Back to School (For Some)

Fortunately, for me, this month is not back to school. Ha ha! Neener neener!

I learned a lot over the past two years as a returning “nontraditional” (which is the nice way that they say “old” in grad school) masters student of Public Affairs and Policy at Rockefeller College, and made many lovely, wonderful friends in the process (see some of their links down and to the right). That being said, my quality of life this month is much enhanced by not having to return to a schedule that involves leaving home at 7:00 AM, driving an hour to work, working a full day in a fairly intellectually engaging field, driving an hour back to Albany, sitting in class for three hours, then getting home at around 9:45 PM, several nights a week, and spending the other nights reading or writing papers. I’ve got a serious masochistic streak, but that was a bit much, even for me.

Katelin, on the other hand, did return to school yesterday, beginning her senior year in high school, and her third year as a boarding school student. Her senior perks this year include having her own room, plus a TV, plus a fridge, plus other various privileges and rights related to lights-out, breakfast and other such important details of dorm life. I know that I am fortunate to be able to take my child to school knowing that she is pleased and happy to be there, is getting a great education, and is developing some pragmatic, practical communal living skills in a controlled environment that will make the transition to college easier than it might have been otherwise, particularly for an only child who has had her own floor of our house for most of her sentient life.

Had you told me four years ago that I would send said child off to boarding school when she was 15 years old, I would have scoffed, sneered, and made disparaging comments about the sorts of parents who do such things. As it turns out, though, I can’t imagine Katelin being the mature, smart and independent young woman that she has become without that little nudge at a crucial point in her academic, social and personal development. Most importantly, it was a needed change that she herself identified, and the results have been marvelous for her. Boarding school may not be for everyone, but it certainly was the right move for her, and we applaud her for recognizing that.

Which isn’t to say that it’s not hard, sometimes, having an empty nest earlier than we had originally expected or planned. The first couple of weeks after she was gone (two years ago now), Marcia and I were nearly overwhelmed by “What have we done?!?” thoughts and fears. But then we saw Katelin come into her own in ways we never would have imagined possible, nor that she ever would have considered desirable in her prior academic settings. I have a picture that she sent us at the end of her sophomore year where the smile on her face and the faces of the friends around her truly made it worth all the sacrifices she and we had made for her to be there. To see that look on one’s child’s face = priceless.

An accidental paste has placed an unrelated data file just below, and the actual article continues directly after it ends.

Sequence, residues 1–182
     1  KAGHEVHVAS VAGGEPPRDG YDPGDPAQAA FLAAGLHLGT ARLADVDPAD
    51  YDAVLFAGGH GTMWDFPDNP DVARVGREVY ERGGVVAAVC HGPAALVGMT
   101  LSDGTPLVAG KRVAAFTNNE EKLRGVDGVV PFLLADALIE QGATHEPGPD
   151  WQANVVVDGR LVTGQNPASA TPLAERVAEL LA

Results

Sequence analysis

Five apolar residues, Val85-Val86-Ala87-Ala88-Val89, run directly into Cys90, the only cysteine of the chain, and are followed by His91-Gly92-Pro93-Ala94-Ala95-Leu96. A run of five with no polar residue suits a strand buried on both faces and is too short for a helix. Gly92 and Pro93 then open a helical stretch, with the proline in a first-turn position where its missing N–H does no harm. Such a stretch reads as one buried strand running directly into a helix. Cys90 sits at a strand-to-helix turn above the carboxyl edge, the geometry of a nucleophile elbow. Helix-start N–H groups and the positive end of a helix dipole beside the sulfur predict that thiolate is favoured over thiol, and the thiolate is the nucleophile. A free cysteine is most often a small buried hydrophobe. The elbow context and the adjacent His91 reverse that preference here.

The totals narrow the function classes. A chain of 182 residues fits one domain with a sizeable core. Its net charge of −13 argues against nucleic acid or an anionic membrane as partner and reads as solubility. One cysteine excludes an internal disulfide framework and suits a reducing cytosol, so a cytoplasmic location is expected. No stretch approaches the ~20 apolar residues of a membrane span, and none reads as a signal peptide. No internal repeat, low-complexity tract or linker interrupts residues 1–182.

So as we enter the third year of boarding student living, we’ve established new family equilibrium that probably mirrors most folks’ experiences with their college-aged children. We don’t spend the quantity of time together during the school year that we used to (Katelin comes home or we go visit her on weekends, and generally every six weeks she’s home for at least a full week’s break), but the quality of time we spend together is exceptional, and largely devoid of most of the irritating interactions that tend to define teenager-parent discourse.

Katelin also has had the experience of living closely with other students as they go through the college application and acceptance process, so she has a more grounded, hands-on understanding of what she’s facing this year in that regard than she would have had under different circumstances. The high school classes of 2008 and 2009 will be the largest and most competitive in U.S. history, and her knowing that first-hand going into the year (having seen how her friends last year did) helps to provide perspective, and keeps her (and us) from getting crazed about the whole process.

Finally, there’s one other personal benefit that I receive from having our only child at boarding school. We only have a two person sofa in our TV room, so when Katelin’s home, I always sit on the floor to watch TV with her and Marcia, while they share the couch. Now that Katelin is back at school, I get to sit on the couch to watch TV, though I still feel like a bad, bad dog whenever I do it, expecting at any moment to be shooed to the floor and swatted for my presumptuousness.

It’s important to know one’s place. Be it boarding school or the TV room floor.

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